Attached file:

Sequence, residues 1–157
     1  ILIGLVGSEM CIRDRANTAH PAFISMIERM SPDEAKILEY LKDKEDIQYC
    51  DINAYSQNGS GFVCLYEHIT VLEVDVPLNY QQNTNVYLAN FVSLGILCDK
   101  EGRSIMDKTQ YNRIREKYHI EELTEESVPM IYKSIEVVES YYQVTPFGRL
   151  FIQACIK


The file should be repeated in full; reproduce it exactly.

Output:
Sequence, residues 1–157
     1  ILIGLVGSEM CIRDRANTAH PAFISMIERM SPDEAKILEY LKDKEDIQYC
    51  DINAYSQNGS GFVCLYEHIT VLEVDVPLNY QQNTNVYLAN FVSLGILCDK
   101  EGRSIMDKTQ YNRIREKYHI EELTEESVPM IYKSIEVVES YYQVTPFGRL
   151  FIQACIK